It sometimes takes a change of environment to remind us that we don’t hold the mortgage on many of the prickly challenges we face in our board rooms, that they’re actually perennials, pretty much prevalent across the globe.
It’s also a refreshing moment when it occurs – and I was fortunate enough to again experience it just a few weeks back while visiting Thailand to host a number of in-house sessions with boards of some of the country’s largest and most respected companies.
I was with a Thai cement giant, we were chatting about developments in the manufacture of cement and it suddenly dawned on each and every board member that they were probably failing in perhaps their most elementary responsibility – that of concentrating on and putting in place strategies to secure the organisation’s future.
It was a seminal moment as I asked the board whether they’d been aware of recent advances in cement technology that allow for the production of a cement that does not emit CO2 , is therefore so much better for the environment and will ultimately allow us to construct buildings that help rather than hamper our sensitive world.
The answer was a categorical ‘no’.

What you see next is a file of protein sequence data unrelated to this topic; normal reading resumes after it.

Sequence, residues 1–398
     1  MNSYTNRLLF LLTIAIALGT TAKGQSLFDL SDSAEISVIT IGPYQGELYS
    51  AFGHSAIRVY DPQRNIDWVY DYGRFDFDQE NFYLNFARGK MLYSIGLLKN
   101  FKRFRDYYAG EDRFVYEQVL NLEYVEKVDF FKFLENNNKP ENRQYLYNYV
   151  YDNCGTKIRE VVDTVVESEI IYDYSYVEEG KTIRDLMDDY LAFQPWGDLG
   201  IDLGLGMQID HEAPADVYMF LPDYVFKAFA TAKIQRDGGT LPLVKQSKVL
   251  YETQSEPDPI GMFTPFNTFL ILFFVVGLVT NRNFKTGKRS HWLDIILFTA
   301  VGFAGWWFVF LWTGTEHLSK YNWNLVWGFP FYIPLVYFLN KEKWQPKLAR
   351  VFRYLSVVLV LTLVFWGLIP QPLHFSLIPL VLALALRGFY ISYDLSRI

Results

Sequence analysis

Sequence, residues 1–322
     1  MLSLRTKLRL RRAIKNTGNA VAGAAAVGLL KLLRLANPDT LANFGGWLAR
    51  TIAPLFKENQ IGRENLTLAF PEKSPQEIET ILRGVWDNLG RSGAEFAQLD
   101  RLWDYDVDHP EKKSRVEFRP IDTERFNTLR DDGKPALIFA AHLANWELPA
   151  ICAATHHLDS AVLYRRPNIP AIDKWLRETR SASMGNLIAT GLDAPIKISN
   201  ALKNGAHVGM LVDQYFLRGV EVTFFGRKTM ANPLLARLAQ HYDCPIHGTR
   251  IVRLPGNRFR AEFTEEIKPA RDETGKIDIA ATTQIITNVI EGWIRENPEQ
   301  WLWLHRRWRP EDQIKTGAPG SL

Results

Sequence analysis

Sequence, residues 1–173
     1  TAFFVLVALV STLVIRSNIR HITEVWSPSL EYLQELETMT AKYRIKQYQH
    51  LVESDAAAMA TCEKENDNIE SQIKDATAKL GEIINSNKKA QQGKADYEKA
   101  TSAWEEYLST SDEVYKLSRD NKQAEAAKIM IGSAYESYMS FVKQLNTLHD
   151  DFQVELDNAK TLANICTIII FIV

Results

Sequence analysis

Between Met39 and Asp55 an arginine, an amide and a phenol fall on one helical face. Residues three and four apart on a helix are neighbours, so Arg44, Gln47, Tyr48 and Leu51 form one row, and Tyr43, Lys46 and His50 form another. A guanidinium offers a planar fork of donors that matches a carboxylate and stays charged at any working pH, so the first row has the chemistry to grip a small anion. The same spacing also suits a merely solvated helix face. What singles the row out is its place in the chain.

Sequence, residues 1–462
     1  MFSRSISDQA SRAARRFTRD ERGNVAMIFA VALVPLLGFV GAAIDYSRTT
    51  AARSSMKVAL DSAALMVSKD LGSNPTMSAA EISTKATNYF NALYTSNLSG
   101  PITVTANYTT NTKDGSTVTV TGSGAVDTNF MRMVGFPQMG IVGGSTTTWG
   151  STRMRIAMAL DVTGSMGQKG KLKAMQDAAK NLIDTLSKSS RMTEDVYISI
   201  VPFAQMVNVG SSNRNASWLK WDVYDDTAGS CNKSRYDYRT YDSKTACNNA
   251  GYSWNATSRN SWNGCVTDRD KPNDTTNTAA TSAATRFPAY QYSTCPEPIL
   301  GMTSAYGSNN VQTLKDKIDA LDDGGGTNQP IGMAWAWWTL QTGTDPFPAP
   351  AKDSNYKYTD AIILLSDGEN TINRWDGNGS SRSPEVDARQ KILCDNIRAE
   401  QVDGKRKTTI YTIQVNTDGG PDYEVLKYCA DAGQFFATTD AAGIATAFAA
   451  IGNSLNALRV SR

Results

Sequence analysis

I then asked whether investing in this technology would not only provide them with a competitive advantage but support their admirable corporate social responsibility credentials – and this time the response was a resounding ‘yes’.
You could have heard the proverbial pin drop as they reflected on the situation and appreciated that to safeguard the organisation’s existence and future, they needed to have their collective fingers on the pulse of what’s happening in the greater external environment and within their specific sector. They also needed to understand how it could negatively impact on – or even destroy – the very fabric of the company…and what they could do to avert such a scenario.
In short, the board was again reminded of its principal function.
As I said earlier, this board is no orphan. It’s in good company, with boards the world over grappling with how to ensure that they find the time needed to devote to strategy.
For younger companies, it tends to be easier as it’s part of their creation and growth, but as they get older and more successful, there’s a real danger of complacency and hubris creeping in.
After all, they rationalise, we have time-honoured practices and processes that have consistently delivered… and there’s no reason why they won’t remain fabulous forever more.
So how do good boards go about it?
Well, they make strategy front and centre of the agenda for all meetings. But more than that, they assign reading material and research to specific board members, as well as charge management with getting hold of certain information and presenting it to the board.
And they look beyond the confines of the company, periodically inviting external experts and futurists to address the board.
In short, all good boards make strategy central to their thinking.
Until next time,